David Tyler is a chemistry professor at the University of Oregon. He's compiled studies from around the world that contradict the conventional environmental wisdom on everyday choices we make about grocery bags, coffee cups and cars.
University of Oregon chemistry professor David Tyler blew conventional environmental wisdom out of the water in Hillsboro Monday night.
He gave a talk that focused on life cycle assessments that tally the total environmental impacts of everyday choices — which bag you use for your groceries, which milk container you buy, which cup you use for your coffee, which car you drive, etc.
The assessments account for the impacts of a product throughout its entire life — from the first steps of obtaining the raw materials to the waste products left over after it's been used. They evaluate the total energy use, contributions to global warming, ocean acidification, air and water pollution, for example. They're usually pretty expensive and time-consuming.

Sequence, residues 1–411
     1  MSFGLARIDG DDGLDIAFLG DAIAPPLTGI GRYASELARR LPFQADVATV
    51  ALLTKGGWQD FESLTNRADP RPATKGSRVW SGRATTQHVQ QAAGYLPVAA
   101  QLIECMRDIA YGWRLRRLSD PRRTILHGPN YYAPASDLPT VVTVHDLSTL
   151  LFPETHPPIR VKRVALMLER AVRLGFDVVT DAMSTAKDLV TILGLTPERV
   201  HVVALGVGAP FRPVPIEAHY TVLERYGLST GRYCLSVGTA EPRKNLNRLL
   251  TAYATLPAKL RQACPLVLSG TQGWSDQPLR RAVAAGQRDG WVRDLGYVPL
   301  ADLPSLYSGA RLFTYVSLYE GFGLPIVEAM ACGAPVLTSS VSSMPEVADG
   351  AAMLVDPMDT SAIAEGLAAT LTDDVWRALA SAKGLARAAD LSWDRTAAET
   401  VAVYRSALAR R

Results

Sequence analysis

And the conclusions aren't what you'd expect. They show plastic bags are greener than paper bags, disposable plastic cups have fewer impacts than reusable ceramic mugs and owning a dog is worse than driving an SUV.
Surprise! Apparently, we're not as green as we thought.
Studies show the total environmental impact of plastic bags is actually less than the impact of paper bags. But they don't account for the impact of litter on people's quality of life.
"Most people I know want to do the right thing with regard to the environment," Tyler said at the outset of his talk. "What is the right thing?"
One of the biggest surprises from the life cycle assessments he's studied is that plastic often has fewer environmental impacts than paper, glass or cotton.
"There is no basis for believing that plastics are considerably more harmful to the environment than traditional materials such as paper, glass or cloth," Tyler said. "In many cases, products made from plastic are more sustainable."